Send Node.js errors from AWS Lambda to Honeybadger

We are starting to make more and more use of AWS Lambda functions and so far we’ve had some very good success stories. Developing a Node.js function is pretty easy (depending on what you are trying to do of course!) and debugging in development is pretty easy too.

However, troubleshooting and debugging your Lambda functions is not very easy when running at scale. By default, AWS Lambda will log to Cloudwatch. Fine so far. If you have several thousand executions every minute, the volume of logs generated in Cloudwatch is simply unmanageable in terms of seeing patterns and aggregations around your exceptions.

I’m still at the beginning of my Node.js journey and I tried in vain to write exceptions to custom Cloudwatch logs, but it was in vain. Painful and not very well documented.

We also use (and love!) Honeybadger in all our Rails apps. Thankfully, around the time I was trying to implement better exception handling in my Lambda function, I came across a very good blog post describing exactly how to do this: How to report Node.js errors from AWS Lambda. Thanks Honeybadger!

The template code provided by the Honeybadger crew worked as expected on Lambda. It was almost exactly what I needed except for the fact that I am using the async package. Thankfully, Josh was very helpful when I opened a GitHub issue and he posted an updated template. Once again, it worked as expected.

My production code looked a little different to the Honeybadger template, and if I’m honest it’s not as elegant as the template. The reason we decided not to use the template provided was because it uses the domain package, which has been marked for deprecation.

So, here is a sanitised version of what we are doing in production. Hopefully someone finds this useful!

var async = require('async')
var Honeybadger = require("honeybadger");
var Promise = require("promise");

// Change to your Honeybadger.io API key.
const HB_API_KEY = '_____';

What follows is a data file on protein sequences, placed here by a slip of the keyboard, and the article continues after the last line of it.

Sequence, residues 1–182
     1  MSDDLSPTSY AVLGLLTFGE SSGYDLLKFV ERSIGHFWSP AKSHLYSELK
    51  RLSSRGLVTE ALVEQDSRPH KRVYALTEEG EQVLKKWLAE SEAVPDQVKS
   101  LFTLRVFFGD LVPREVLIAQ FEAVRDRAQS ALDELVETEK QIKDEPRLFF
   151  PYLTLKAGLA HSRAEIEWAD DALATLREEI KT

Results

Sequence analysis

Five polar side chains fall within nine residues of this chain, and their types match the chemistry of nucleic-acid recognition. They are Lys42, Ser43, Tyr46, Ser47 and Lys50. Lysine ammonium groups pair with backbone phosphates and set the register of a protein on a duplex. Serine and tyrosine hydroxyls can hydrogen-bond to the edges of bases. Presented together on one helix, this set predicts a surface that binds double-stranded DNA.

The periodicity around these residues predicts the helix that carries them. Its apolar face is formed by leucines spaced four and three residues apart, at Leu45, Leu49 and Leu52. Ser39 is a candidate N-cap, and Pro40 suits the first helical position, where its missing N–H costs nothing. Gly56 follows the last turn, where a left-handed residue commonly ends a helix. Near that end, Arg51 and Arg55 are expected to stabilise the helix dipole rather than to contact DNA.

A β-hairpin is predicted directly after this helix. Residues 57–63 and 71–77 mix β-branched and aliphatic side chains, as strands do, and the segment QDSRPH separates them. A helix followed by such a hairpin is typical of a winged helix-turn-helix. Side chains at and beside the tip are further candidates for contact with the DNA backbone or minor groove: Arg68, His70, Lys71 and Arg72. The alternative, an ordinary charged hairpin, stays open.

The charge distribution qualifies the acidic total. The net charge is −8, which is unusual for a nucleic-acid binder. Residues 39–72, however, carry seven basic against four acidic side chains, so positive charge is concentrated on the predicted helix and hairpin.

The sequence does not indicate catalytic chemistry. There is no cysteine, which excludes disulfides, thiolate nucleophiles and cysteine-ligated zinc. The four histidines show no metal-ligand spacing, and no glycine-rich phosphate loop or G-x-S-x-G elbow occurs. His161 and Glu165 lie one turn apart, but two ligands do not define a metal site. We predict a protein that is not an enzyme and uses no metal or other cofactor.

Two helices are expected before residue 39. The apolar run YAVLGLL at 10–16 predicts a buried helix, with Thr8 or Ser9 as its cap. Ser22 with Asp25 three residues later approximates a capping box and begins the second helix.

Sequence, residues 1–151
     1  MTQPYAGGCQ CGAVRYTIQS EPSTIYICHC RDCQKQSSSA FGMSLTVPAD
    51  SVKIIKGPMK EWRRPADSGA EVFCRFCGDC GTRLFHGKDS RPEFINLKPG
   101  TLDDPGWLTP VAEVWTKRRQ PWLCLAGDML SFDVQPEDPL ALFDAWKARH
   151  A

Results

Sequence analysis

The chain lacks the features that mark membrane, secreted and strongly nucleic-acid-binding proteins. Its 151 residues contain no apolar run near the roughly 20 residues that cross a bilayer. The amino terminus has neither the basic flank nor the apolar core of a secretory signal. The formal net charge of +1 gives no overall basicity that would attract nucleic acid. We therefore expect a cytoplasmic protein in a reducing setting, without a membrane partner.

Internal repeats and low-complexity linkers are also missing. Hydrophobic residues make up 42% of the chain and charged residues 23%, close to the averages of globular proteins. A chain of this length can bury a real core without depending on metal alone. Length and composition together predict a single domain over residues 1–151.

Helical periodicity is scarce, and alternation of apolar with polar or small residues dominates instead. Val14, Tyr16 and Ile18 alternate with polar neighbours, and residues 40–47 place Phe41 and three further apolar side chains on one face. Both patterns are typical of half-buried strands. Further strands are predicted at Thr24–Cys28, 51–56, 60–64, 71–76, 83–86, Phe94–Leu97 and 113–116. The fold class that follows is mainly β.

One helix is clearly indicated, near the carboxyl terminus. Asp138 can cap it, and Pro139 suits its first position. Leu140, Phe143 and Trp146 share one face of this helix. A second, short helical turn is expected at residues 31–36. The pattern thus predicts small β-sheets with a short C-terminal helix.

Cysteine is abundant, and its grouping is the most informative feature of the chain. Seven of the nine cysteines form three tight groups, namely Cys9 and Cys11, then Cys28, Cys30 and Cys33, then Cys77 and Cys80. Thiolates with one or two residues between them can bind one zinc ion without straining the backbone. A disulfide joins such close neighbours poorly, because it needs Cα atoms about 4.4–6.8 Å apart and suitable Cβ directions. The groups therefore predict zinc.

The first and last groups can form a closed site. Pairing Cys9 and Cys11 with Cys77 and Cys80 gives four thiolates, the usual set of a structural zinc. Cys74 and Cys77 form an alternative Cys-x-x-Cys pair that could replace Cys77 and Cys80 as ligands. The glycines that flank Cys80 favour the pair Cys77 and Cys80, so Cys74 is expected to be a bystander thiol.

function do_stuff(cb){
  console.log('do_stuff')
  var ed = 123;
  return cb()
}

function break_stuff(cb){
  console.log('break_stuff')
  var ed = [];
  var kaboom = ed[0].some_id; // this line will raise an error
  return cb()
}

// Your handler function.
function handler(event, context) {
  console.log("Event:", event);
  console.log("Context:", context);

  var hb = new Honeybadger({
    apiKey: HB_API_KEY,
    server: { environment_name: "production" },
    logger: console
  });

  var send_to_honeybadger = function(err, opts) {
    return new Promise(function(resolve, reject) {
      hb.once("error", reject).
         once("remoteError", reject).
         once("sent", resolve);
      hb.send(err, opts);
    });
  };

  async.series([
    function (cb) { do_stuff(cb) },
    function (cb) { do_stuff(cb) },
    function (cb) { break_stuff(cb) }
  ], function(err, results){
    if (err) {
      send_to_honeybadger(err, { context: { event: event } }).then(function() {
        context.fail(err);
      }).catch(function(sendErr) {
        console.error("Unable to report error to Honeybadger:", sendErr)
        context.fail(err);
      });
    } else context.succeed('multipart: ok');
  });
}

// Build and export the function.
exports.handler = handler;
Advertisements

Leave a Reply

Fill in your details below or click an icon to log in:

WordPress.com Logo

You are commenting using your WordPress.com account. Log Out / Change )

Twitter picture

You are commenting using your Twitter account. Log Out / Change )

Facebook photo

You are commenting using your Facebook account. Log Out / Change )

Google+ photo

You are commenting using your Google+ account. Log Out / Change )

Connecting to %s